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The restriction of U.S. Sports Betting Advertising and First Amendment rights

Sports betting
Friday, 07 July 2023 By Mark Conrad

In the half decade since the U.S. Supreme Court permitted the legalization of sports betting,[1] about three dozen states enacted laws permitting this activity.[2] In those jurisdictions, gaming companies have not been shy about advertising and promoting their services. As a result, these sports betting firms have been flooding various media with advertisements, estimated at about $2 billion last year.[3]

The media saturation – coupled with relatively weak regulations in most of the states that have legalized sports betting[4] – has fueled concerns about increases in problem gambling and gambling addiction. It is estimated that eight million U.S. adults are problem gamblers.[5] With the advent of sports betting, especially online betting, the problem may well be more acute. In a 2019 study, the National Council of Problem Gambling reports that the rate of problem gambling among sports bettors is at least twice as high as among gamblers in general.[6] When sports gambling is conducted online, the rate is even higher, with one study of online sports gamblers indicating that 16% met clinical criteria for gambling disorder and another 13% showed some signs of gambling problems.[7] The study noted that those under 18 are at a higher risk, with data from 2018 showing that more than 75% of students gambled and more than 13% of adolescents wagered money on sports teams.[8] Being male and young are considered risk factors for problem gambling.[9] More recently, calls to the National Problem Gambling Hotline increased 124 percent to over 30,000 between March 2020 and March 2023.[10]

Indeed, there is evidence that problem betting and addiction is increasing. Inquiries to the Council on Compulsive Gambling of New Jersey's help hotline about sports gambling have increased 60 percent since it became legal in the state in 2018,[11] and in Colorado, the number of calls and texts to Colorado’s Gambling addiction helpline increased by 45 percent in the first year after sports betting was legalized.[12]

State legislatures and regulatory bodies have enacted restrictions on what they consider “false and deceptive” advertising and have mandated certain required content on advertising and promotional materials such as phone numbers and other information for those with gambling issues.[13] New Jersey’s revised regulations – adopted in April 2023 – are among the most encompassing. They include: requiring a phone number to call aimed at problem gamblers be prominently displayed; prohibiting promises of “guaranteed wins” or “risk-free” bets, particularly when patrons are required to deposit their own funds into a wagering account and are unable to be fully compensated for the loss of their funds; mandating the use of “responsible gaming language” in advertisements; banning “unrealistic promotions;” and barring advertisements placements where the primary demographic is underage viewers.[14]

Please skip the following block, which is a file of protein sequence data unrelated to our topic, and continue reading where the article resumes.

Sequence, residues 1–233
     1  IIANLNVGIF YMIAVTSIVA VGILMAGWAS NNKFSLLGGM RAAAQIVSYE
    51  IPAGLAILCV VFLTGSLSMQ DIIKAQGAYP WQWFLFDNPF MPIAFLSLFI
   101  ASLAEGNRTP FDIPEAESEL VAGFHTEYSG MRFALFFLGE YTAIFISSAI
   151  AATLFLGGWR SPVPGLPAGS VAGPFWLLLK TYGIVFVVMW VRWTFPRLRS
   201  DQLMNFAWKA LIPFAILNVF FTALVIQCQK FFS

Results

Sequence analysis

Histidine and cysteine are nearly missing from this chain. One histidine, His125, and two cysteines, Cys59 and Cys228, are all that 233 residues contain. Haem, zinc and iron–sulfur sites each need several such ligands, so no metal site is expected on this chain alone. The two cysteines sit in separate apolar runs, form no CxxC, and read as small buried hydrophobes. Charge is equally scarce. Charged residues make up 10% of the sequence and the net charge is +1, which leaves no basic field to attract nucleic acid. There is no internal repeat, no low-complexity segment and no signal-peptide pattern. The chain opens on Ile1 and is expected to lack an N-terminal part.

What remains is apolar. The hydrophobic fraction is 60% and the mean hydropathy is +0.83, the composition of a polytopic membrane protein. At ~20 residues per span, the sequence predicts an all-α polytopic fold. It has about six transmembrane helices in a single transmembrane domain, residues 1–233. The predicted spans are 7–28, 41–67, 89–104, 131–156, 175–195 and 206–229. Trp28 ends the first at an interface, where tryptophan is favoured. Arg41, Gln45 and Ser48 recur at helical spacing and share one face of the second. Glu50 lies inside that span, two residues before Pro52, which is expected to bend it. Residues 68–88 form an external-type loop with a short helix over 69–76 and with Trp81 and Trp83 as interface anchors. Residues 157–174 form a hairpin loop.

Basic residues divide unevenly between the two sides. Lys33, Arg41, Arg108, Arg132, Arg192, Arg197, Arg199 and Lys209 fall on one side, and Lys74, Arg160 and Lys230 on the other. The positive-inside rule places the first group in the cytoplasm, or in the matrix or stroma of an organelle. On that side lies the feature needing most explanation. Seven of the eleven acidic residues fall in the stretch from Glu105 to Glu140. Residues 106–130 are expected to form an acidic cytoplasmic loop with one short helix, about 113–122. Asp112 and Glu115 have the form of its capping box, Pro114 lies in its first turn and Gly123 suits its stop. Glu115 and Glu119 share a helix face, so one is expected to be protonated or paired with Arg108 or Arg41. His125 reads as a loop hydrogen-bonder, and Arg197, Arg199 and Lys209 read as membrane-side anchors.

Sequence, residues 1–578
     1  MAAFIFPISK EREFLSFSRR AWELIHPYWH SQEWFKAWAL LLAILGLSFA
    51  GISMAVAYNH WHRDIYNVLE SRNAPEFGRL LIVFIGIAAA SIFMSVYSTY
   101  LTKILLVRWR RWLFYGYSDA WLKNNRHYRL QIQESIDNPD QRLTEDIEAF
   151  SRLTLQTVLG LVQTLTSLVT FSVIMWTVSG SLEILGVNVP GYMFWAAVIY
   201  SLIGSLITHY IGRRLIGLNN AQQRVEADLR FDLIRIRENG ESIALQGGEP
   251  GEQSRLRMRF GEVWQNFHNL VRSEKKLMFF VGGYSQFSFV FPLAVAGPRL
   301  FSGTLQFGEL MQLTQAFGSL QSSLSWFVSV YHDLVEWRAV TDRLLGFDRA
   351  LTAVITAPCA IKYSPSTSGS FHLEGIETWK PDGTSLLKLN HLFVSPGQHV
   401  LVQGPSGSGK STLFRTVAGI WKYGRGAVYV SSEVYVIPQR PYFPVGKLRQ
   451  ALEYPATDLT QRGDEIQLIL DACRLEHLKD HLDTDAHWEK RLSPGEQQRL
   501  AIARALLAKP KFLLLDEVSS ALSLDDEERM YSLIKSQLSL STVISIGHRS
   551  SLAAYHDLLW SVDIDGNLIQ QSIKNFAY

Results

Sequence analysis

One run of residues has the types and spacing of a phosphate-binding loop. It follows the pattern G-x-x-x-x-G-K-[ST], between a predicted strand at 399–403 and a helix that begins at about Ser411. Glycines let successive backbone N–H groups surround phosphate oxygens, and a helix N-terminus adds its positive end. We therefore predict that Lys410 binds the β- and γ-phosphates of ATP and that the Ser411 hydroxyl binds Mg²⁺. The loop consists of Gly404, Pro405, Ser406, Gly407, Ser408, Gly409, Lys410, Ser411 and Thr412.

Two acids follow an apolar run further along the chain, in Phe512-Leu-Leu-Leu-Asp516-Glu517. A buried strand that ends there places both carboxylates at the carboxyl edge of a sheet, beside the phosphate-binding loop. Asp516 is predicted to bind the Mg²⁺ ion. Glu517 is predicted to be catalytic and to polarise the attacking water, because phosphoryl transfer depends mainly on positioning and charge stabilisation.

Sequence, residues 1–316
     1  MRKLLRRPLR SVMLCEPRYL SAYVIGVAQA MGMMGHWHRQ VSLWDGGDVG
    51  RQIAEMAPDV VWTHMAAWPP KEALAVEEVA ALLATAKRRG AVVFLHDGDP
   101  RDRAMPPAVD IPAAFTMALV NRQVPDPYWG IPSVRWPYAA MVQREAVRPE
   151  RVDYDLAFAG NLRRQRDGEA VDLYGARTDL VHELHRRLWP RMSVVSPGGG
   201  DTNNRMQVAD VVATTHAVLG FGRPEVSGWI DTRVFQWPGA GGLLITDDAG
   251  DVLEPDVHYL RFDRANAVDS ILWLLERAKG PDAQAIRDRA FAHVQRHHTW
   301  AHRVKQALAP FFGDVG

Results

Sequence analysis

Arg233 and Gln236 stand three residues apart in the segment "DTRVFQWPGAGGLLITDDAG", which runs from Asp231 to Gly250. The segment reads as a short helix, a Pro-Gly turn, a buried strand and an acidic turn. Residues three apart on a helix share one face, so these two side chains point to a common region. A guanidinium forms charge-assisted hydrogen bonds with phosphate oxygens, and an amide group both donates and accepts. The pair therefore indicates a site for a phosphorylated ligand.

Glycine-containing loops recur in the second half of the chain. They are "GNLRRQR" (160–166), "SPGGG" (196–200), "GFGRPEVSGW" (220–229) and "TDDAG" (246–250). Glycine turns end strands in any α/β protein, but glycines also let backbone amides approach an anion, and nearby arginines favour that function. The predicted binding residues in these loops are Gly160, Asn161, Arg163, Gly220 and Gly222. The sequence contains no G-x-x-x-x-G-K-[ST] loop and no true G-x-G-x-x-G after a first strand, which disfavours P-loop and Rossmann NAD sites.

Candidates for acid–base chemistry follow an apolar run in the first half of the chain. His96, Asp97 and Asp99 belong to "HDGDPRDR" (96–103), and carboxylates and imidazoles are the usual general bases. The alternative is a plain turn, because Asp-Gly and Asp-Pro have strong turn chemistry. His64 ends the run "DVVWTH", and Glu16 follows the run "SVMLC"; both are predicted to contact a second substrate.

Yet, these regulations have not appeased those who wish a broader-brush restriction on sports betting advertising. One representative in Congress introduced a bill that would ban all electronic advertising of sportsbooks “on any medium of electronic communication subject to the jurisdiction of the [Federal Communications Commission].”[15] The representative argued that a similar ban on tobacco advertising, enacted over half a century ago, would be a precedent for a similar ban on sports gambling.[16] While the author is sympathetic to the idea, there are significant constitutional challenges before such a ban could be enacted today. [17] It may not be impossible to do, but it would be challenging to justify. However, there are broader restrictions that the author believes could pass constitutional muster and should be considered on a state or national level. These issues will be addressed in this article.

Specifically, this article will examine:

  • The evolution of commercial speech in the United States
  • The First Amendment test found in the 1980 Central Hudson case
  • How different countries treat gambling advertising restrictions
  • How certain broader restrictions could pass constitutional muster

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Written by

Mark Conrad

Mark Conrad

Mark Conrad is Associate Professor of Law and Ethics at Fordham University’s Gabelli School of Business, where he directs its sports business concentration. In addition to teaching sports law, he has also taught courses covering contracts, business organizations, and media law.

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